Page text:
• wage labour (especially factory work) “alienates” the workers from both the things they create and their full potential (this objection was put forward most forcibly by Karl Marx)
  • profit, interest, and land rent are unjust because they are “unearned” as the factory owner, capitalist or bank, and landowner do not “labour” to produce anything of value (important because most socialists believed that only “labour” produces wealth, hence if one did not “labour” then one inevitably exploited those who did)
  • competition has disastrous consequences for the workers in that they compete for scarce jobs and thus drive down the level of wages, thus becoming poorer and poorer (immiseration) under capitalism
  • there is a tendency towards the formation of monopolies which ruthlessly exploit consumers by charging excess profits and driving their competitors (and their workers) out of business, hence Louis Blanc’s idea that competition was a form of “murder” of workers
  • there are periodic economic crises which adversely affect the poor working class who are least able to survive during periods of unemployment
  • the emergence of international capitalism leads to “free trade”, global competition, and the destruction of national industry
  1. Moral/Philosophical Criticism
  • there is increasing inequality between the wealthy capitalists and the “bourgeoisie” on the one hand, and ordinary working people on the other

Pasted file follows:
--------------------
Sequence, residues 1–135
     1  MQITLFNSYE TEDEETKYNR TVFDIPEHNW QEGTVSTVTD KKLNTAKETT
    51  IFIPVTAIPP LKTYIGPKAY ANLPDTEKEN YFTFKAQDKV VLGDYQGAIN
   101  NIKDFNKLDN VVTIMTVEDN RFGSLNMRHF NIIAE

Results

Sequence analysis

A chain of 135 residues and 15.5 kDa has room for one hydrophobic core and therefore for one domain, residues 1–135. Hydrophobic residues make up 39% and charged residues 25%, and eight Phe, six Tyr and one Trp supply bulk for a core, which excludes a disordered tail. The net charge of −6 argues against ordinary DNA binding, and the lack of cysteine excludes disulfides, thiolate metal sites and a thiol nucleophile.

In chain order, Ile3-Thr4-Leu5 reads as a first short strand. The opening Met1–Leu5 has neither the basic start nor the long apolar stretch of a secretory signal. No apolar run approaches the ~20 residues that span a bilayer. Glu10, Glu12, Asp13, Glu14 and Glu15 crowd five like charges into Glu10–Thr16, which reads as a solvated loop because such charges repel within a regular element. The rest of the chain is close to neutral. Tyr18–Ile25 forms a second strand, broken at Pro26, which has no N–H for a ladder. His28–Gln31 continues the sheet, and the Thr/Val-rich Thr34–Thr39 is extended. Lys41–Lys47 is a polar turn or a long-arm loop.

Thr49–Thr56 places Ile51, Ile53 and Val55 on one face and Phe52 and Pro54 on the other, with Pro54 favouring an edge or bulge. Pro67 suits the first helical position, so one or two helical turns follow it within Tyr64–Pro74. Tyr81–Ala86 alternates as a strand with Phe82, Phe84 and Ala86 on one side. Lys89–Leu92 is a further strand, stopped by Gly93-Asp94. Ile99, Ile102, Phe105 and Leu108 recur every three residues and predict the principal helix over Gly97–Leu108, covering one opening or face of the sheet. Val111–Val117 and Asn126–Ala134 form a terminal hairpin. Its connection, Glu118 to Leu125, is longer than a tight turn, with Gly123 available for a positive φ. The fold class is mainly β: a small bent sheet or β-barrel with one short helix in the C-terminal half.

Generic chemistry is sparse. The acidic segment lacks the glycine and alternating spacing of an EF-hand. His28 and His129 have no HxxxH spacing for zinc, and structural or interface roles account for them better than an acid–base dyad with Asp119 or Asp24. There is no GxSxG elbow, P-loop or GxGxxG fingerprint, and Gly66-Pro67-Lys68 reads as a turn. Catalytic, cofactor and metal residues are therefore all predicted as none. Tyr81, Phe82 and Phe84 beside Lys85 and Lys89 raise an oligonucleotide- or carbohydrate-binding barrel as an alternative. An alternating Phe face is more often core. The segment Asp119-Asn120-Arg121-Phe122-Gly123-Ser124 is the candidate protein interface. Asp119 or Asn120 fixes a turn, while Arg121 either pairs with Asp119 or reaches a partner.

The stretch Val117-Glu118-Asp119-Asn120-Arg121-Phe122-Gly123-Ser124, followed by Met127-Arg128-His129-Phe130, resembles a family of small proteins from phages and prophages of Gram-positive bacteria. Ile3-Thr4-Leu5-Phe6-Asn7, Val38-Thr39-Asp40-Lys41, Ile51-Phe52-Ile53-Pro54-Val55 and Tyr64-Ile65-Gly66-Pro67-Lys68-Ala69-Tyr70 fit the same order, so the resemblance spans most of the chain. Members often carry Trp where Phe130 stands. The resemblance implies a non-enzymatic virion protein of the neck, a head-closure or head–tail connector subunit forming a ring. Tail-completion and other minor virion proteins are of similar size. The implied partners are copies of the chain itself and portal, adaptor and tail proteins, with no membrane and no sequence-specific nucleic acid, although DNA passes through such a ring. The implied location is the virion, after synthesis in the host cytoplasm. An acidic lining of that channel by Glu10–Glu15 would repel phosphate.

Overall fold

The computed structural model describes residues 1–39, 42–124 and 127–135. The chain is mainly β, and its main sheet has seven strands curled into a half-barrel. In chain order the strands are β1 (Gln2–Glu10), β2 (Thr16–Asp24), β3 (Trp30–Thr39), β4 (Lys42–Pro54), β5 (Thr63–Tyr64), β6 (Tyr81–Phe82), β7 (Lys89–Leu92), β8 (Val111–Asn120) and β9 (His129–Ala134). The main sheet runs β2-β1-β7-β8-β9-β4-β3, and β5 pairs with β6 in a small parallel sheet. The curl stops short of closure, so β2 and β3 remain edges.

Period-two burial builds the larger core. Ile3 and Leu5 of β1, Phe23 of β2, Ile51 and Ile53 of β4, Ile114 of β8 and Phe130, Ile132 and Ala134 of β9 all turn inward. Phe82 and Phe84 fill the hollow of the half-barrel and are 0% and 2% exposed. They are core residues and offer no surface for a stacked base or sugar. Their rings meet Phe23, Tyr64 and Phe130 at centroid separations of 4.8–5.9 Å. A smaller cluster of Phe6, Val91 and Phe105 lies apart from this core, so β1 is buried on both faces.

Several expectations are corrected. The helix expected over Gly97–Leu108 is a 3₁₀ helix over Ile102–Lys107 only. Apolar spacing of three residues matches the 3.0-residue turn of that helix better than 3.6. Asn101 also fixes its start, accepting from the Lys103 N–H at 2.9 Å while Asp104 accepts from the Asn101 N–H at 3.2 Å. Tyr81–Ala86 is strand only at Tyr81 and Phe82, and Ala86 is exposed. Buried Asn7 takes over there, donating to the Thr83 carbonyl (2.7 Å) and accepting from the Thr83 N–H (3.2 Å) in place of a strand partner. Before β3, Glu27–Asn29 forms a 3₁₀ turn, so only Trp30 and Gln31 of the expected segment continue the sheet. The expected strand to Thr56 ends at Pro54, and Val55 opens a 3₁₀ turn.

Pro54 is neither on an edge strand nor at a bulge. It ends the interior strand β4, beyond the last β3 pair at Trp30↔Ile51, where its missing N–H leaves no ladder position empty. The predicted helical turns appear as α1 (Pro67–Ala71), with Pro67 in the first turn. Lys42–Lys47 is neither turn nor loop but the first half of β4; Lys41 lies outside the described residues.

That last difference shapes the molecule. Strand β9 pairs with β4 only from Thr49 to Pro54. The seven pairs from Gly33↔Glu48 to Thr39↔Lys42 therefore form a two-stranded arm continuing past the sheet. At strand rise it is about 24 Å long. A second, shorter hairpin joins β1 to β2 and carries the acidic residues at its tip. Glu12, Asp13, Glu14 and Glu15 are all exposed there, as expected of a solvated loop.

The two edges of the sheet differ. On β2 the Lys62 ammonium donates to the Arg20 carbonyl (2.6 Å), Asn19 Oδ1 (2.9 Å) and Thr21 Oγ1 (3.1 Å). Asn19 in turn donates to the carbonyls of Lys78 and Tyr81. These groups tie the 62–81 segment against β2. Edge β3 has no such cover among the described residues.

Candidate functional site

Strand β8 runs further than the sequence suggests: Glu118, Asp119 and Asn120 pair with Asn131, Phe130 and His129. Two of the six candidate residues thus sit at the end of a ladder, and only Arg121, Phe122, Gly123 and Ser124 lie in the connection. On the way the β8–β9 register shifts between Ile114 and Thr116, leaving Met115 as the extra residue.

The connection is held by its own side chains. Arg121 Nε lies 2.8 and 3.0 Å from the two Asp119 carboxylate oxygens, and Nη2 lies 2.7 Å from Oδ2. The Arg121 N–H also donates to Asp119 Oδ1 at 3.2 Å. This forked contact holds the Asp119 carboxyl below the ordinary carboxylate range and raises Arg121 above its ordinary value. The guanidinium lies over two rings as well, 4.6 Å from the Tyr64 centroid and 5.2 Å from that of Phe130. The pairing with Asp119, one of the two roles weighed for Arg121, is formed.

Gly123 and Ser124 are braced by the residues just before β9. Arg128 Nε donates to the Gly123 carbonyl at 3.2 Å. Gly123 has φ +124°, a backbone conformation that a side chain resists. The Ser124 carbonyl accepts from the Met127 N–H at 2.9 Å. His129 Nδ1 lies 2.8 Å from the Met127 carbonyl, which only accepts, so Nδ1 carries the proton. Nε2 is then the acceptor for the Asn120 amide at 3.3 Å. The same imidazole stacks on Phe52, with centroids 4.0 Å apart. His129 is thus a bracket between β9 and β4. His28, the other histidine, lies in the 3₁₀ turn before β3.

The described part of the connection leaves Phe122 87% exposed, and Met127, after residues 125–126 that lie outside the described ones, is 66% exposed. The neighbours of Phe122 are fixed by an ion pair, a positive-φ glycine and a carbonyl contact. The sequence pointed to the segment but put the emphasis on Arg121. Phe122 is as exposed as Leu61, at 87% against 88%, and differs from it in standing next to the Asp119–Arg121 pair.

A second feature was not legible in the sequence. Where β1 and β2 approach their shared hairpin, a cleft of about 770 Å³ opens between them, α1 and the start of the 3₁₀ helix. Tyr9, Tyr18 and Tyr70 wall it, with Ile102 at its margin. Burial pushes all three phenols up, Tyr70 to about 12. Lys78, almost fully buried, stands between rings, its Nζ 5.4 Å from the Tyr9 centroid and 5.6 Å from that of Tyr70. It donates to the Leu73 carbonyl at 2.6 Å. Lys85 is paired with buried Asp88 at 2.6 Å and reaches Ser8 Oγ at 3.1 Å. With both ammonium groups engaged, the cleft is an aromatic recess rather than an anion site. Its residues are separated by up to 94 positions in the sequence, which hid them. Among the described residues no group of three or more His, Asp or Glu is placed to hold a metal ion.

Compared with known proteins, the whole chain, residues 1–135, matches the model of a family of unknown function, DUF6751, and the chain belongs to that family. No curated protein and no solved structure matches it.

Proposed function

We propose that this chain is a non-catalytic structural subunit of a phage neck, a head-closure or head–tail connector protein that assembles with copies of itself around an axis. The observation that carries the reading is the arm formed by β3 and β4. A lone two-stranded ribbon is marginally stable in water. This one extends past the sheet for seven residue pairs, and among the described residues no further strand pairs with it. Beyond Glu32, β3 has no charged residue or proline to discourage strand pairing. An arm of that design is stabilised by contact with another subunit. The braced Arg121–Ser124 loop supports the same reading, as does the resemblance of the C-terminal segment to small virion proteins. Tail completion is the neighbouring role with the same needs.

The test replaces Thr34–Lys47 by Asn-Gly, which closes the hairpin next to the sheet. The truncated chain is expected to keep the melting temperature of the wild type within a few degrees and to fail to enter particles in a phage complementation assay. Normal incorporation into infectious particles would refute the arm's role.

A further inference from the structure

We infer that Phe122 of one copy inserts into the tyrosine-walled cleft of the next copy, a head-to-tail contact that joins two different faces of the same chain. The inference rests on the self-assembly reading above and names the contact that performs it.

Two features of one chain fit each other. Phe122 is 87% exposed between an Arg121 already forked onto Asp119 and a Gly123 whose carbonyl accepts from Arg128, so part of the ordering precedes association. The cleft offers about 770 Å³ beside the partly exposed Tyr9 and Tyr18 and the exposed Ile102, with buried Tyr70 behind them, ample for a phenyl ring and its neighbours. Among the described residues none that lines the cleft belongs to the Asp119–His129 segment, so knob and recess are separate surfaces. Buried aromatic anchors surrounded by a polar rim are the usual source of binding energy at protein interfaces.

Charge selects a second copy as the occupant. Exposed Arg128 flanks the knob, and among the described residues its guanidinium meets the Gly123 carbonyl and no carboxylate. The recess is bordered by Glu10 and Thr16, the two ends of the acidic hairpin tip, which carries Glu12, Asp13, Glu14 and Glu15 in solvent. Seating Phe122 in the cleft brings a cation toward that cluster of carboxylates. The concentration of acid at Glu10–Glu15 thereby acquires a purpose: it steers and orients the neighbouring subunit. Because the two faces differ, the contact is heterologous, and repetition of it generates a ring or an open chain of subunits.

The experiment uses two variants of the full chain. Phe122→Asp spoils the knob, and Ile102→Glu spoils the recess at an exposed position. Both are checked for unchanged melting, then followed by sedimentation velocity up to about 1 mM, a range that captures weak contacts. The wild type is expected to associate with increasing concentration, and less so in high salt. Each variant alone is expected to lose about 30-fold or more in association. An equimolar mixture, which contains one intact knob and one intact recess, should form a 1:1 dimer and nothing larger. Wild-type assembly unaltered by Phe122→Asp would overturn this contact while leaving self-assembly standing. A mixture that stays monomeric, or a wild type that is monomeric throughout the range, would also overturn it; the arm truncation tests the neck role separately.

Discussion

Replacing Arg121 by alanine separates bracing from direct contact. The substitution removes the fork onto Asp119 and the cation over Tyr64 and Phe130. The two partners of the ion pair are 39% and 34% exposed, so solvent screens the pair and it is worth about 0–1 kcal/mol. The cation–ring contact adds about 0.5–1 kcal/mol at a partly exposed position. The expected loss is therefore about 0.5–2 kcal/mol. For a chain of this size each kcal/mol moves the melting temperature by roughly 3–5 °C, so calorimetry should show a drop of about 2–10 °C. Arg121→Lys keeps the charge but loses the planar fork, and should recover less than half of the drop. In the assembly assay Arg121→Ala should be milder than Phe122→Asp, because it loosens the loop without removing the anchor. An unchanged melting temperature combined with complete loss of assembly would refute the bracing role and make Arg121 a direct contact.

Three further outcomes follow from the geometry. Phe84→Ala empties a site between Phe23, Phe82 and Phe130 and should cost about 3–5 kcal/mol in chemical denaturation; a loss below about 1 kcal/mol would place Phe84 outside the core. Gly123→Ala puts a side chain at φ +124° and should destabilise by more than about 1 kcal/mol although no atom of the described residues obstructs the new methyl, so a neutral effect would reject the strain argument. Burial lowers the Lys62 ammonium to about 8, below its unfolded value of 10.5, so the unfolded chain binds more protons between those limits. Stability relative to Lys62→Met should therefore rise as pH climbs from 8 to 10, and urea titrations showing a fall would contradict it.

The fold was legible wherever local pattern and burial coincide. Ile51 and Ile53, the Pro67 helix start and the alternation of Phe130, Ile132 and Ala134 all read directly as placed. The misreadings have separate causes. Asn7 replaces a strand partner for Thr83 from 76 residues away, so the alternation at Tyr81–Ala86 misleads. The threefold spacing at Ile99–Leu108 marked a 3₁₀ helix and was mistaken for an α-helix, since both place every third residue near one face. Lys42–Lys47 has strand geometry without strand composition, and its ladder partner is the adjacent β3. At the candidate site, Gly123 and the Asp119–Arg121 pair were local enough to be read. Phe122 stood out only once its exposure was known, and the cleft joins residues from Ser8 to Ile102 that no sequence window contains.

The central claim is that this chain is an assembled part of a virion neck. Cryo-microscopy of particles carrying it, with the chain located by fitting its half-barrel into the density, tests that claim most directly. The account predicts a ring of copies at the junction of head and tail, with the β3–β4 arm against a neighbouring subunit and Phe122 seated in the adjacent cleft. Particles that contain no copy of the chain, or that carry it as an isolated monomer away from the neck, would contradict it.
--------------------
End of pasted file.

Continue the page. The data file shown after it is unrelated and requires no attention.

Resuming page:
• capitalism is “heartless” as a result of the selfish behaviour of individuals and the drive to get profits
  • there is the destruction of traditional communities as people seek work in the large cities and industrial towns and leave the countryside and smaller towns
  1. Political Criticism
  • the growing power and wealth of the “capitalist class” (the bourgeoisie) within the political system allows them to further their own ends at the expense of the weaker or non-voting working class
  • there is an unequal relationship between employers and labor, especially when it comes to bargaining for wages and conditions
  • the traditional “nuclear family” perpetuates bourgeois thought and behaviour

The political economists gradually realized the threat the socialists posed, both intellectually and increasingly politically after 1845 and addressed them accordingly in an outpouring of books and pamphlets, which unfortunately having been largely forgotten today:

  • Charles Dunoyer, La Liberté du travail (1845): literally on “the liberty of working” as opposed to the socialist notion of “the right to work (or right to a job)” – in French in facs. PDF via this page